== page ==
The National Information Technology Development Agency (NITDA) warned Nigerians to be wary of a new Ransomware called IGVM. The agency describes the malware attack as a file-encrypting Ransomware infection that restricts access to data (documents, images, videos) by encrypting files with the “igvm” extension.
According to the Agency, the attackers attempt to extort money from victims by requesting “ransom”, in the form of Bitcoin cryptocurrency in exchange for access to data.
“This crypto-virus spreads in different methods like web injectors, pirated software, spam emails, malicious software bundles, fake software updates, and deceiving online ads,” NITDA said.
The IT regulator added that the primary task of the IGVM ransomware virus is to check people’s computer systems for target file formats and encrypt them using a private RSA key. “Once virus locks the files, it then runs several commands via CMD.exe to delete Volume Shadow Copies from your system. It equally prevents the victims from restoring their file copies for free, using Windows tools.
“Next, the virus modifies Windows HOSTS file by adding a list of domains to it. These domains are mostly computer or IT-related websites, so the attackers capitalise on this measure to prevent the victim from seeking help or information online,” NITDA said.
To guard against the attack, NITDA advised Nigerian computer users to always back up their data and have a recovery plan for all critical information. “Use application whitelisting to help prevent malicious software and unapproved programs from running. Keep operating system and software up-to-date with the latest patches. Maintain up-to-date anti-virus software, and scan all software downloaded from the internet before installing,” the agency advised.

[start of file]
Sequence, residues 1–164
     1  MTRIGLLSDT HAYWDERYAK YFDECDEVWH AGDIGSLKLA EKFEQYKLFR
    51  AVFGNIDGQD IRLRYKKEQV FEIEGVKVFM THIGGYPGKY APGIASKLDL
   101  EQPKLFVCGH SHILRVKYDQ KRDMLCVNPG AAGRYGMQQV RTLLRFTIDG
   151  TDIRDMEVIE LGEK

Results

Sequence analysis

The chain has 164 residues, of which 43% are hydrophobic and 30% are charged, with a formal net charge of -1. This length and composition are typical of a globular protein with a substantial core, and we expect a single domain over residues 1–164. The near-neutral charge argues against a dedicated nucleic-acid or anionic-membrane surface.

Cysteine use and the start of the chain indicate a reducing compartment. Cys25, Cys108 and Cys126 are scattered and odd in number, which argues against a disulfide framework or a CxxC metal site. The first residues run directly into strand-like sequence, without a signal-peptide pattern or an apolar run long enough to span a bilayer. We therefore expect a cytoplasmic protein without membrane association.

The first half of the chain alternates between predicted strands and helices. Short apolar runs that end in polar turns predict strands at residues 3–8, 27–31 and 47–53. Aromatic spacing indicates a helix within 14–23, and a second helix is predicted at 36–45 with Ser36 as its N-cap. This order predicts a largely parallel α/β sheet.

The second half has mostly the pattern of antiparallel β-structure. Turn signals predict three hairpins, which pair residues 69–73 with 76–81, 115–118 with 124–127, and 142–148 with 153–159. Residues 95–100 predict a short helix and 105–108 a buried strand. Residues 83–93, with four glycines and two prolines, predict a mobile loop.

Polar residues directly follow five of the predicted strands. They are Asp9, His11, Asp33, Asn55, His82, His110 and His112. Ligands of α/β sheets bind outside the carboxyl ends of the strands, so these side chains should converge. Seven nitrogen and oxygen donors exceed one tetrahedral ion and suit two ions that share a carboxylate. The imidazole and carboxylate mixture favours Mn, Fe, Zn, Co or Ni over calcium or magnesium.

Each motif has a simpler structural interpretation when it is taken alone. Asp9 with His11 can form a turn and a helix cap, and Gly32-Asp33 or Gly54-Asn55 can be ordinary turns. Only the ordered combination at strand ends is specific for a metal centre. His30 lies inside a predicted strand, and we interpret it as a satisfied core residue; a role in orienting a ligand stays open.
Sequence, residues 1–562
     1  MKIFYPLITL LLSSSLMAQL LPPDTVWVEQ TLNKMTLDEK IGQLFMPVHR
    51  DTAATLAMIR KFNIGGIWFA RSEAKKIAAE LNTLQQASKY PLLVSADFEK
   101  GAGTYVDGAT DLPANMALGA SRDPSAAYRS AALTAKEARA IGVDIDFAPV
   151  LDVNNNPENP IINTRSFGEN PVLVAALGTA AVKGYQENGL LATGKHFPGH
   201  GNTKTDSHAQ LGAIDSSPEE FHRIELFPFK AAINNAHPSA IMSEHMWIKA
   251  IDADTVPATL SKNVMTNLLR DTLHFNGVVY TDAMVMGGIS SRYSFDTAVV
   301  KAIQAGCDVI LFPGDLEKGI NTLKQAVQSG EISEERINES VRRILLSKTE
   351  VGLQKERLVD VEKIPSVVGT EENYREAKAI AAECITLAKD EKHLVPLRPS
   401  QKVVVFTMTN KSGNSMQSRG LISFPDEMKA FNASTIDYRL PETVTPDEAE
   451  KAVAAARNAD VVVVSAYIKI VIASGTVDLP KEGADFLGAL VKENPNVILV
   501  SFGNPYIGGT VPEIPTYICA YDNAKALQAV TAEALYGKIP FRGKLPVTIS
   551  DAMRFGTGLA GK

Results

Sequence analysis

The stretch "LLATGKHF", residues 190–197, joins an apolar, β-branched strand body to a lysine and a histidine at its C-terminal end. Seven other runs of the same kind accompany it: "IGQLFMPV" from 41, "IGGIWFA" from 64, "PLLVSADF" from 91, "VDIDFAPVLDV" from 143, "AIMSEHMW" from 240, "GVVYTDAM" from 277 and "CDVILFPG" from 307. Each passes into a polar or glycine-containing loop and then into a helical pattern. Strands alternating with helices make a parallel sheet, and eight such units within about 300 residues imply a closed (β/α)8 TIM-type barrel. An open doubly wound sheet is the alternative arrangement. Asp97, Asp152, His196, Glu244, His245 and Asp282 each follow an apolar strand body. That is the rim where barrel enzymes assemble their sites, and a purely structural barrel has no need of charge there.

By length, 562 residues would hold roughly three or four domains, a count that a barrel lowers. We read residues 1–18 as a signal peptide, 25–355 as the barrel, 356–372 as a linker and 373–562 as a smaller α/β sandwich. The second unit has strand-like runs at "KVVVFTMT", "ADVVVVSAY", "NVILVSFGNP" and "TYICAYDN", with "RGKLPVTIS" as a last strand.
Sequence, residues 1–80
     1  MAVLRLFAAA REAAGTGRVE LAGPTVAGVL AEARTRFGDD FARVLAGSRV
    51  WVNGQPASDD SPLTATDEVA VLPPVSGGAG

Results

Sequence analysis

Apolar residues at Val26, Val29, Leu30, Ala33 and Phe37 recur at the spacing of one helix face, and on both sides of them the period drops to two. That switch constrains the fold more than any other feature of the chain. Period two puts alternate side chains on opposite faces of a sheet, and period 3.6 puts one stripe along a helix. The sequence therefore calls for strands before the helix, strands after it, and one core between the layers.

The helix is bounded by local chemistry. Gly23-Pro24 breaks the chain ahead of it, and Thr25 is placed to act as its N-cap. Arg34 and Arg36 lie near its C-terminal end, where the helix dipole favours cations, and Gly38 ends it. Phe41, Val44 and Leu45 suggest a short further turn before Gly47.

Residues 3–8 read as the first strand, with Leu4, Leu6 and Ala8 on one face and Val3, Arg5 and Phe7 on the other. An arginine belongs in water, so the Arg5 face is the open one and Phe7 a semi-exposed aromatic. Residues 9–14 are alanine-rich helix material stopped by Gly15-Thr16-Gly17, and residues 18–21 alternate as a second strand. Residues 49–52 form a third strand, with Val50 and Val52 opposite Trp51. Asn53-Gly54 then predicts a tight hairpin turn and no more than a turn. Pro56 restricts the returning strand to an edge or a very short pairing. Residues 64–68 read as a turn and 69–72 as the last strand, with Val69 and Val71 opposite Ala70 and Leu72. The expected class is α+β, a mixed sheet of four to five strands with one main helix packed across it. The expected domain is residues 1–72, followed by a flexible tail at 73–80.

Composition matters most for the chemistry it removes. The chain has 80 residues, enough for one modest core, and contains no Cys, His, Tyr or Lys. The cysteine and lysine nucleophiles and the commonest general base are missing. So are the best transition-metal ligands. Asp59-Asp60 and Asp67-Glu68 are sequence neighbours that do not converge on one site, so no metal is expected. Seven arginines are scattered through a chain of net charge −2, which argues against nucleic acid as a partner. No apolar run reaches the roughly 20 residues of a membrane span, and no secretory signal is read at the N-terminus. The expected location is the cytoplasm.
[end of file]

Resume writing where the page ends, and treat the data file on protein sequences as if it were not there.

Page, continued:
NITDA also advised computer users not to follow unsolicited web links in emails. “Do not download or open suspicious email attachments. Do not open emails from suspicious recipients. Furthermore, if paying up seems like the only reason to get your files back, we strongly advise against ransom payments,” NITDA advised.
NITDA noted that various cybersecurity experts do not recommend paying up due to many reasons, which include that “the criminals might stop responding as soon as money is transferred to their virtual wallet address; the so-called decryption tool can be faulty or fail to work due to data modification on your end; avoiding funding this illegal business model.”
It added that the fact that ransomware operators collect millions in ransoms each year encourages more people to join the cybercrime industry.